Лох is a word that I heard among Russians and Ukrainians who never visited Germany. So it’s not quite clear whether the German language is the origin. Can anyone shed any light on the origin of this word?

My guess would be it derives from the German word (Arsch)loch (by sound in Cyrillic it would be approx. [арш-лох]), literally for (ass)hole. But if possible I’d like to see some kind of authoritative answer to the question.

I’ve also heard that German is one of the few languages where most swear words derive from fecal context, where in other languages offensive terms used in a similar way would be derived from a sexual context. This would actually be an argument for the theory that it derives from German, but again, it’s more hearsay than anything.


3 Answers 3


Nobody knows where it comes from. The only thing known for sure (as it is a popular theory) is that it isn't derived from the German "Loch".

Wiktionary states that it may be a shortened version of the word лопух (in its informal meaning, "simpleton").

Then, there's Vasmer. His descriptions of the word лох do not include the colloquial meaning, but he has an entry for the word лоха, which is a colloquial word in Pskov and Tver for a stupid woman. Vasmer assumes that it can come from лошь which means "bad". And he has an entry for лашуня which means also something like "simpleton" or just "fool". Vasmer assumes that this word is also dervied from лошь.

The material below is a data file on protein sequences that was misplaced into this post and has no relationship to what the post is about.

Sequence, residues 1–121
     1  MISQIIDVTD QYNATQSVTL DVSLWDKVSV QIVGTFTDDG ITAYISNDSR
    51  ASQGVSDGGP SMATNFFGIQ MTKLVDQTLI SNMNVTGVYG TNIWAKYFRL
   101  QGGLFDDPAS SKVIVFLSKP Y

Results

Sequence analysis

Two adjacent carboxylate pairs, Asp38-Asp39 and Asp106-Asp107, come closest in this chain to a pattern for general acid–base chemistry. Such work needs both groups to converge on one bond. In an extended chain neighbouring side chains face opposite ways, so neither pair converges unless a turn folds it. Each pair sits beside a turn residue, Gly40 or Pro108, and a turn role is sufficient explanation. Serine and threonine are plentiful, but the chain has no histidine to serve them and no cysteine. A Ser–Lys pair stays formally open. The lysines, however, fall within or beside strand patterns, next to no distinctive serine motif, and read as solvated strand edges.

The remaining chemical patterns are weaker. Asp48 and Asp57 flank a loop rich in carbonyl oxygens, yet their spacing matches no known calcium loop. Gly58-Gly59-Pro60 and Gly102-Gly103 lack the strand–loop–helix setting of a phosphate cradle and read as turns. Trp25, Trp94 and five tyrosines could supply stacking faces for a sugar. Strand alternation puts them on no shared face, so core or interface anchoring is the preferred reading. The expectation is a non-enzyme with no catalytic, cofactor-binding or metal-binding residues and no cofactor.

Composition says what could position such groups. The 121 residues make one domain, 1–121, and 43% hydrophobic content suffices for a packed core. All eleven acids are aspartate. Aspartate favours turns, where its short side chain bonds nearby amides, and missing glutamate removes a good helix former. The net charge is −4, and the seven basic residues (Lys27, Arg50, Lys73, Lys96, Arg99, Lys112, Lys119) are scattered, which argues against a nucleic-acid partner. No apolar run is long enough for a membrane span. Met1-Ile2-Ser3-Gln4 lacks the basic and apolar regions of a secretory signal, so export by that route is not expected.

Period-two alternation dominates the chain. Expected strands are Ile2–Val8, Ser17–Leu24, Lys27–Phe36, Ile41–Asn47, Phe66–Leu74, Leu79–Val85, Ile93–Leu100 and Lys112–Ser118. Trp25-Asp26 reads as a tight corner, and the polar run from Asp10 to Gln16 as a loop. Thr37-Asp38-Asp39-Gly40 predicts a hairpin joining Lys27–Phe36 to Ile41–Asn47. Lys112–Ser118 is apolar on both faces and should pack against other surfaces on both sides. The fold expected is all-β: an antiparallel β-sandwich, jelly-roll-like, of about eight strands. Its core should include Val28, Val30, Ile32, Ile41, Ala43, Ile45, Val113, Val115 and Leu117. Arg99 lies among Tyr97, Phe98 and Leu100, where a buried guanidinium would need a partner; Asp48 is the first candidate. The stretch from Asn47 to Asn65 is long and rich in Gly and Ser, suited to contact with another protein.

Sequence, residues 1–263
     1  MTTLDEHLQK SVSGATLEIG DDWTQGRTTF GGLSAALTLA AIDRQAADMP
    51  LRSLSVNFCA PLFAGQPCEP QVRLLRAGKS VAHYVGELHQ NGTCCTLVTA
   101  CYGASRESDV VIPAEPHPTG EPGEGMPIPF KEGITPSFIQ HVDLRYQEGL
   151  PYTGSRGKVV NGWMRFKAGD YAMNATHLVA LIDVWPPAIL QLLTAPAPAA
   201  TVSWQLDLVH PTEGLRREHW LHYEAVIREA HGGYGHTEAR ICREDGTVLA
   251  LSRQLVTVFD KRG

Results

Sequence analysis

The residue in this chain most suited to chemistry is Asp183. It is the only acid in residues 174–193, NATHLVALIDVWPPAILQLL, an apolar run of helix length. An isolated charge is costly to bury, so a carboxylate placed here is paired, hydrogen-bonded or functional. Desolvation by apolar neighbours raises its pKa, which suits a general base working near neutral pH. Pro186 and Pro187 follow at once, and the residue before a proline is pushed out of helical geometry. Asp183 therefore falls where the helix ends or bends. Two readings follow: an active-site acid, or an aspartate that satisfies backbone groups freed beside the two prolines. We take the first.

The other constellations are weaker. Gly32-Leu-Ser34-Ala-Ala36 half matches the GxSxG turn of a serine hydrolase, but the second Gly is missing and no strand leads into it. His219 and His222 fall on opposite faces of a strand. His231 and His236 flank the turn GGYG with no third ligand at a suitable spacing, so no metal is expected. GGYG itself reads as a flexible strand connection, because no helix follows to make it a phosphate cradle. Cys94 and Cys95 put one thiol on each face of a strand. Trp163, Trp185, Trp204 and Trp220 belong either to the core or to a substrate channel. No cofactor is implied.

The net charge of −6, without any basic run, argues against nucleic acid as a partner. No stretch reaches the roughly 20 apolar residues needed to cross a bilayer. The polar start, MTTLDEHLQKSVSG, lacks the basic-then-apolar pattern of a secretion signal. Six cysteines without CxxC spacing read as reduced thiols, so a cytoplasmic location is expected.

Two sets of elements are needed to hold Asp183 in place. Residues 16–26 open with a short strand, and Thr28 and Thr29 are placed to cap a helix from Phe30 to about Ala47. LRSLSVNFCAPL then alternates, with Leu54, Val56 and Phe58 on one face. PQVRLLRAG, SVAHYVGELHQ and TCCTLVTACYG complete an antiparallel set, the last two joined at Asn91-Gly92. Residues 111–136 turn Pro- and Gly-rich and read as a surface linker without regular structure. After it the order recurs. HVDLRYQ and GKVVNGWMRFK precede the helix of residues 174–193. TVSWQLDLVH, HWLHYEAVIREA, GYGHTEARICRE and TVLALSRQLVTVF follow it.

And there's also Lurkmore that has an impressive list of supposed origins of the word лох. I won't translate them, as they are most likely all invalid - examples of folk etymology. The version that it originates in German, being derived from Arschloch is also there.

  • @0xC0000022L, glad to help. :) Feb 15, 2013 at 13:41

Several versions are presented in http://forum.lingvo.ru. I prefer version German (Ein Loch in dem Kopf) -> Jiddisch -> Russian.


Definately not. You may find this word, together with many others, in В. И. Даль и тайные языки в России (2004) by В. Д Бондалетов, Владимир Иванович Даль.

All of a sudden, this word (and many others) are presented there like - yes! - borrowings from Finno-Ugric languages of peoples settled in NW Russia.

The word was a part of Ofenya slang and meant then мужик, обыватель, не-офеня.

The source word is Finno-Ugric lohi meaning salmon. The meaning in Ofenya slang was metonimical and stood for salmons being easy capture during spawning season.

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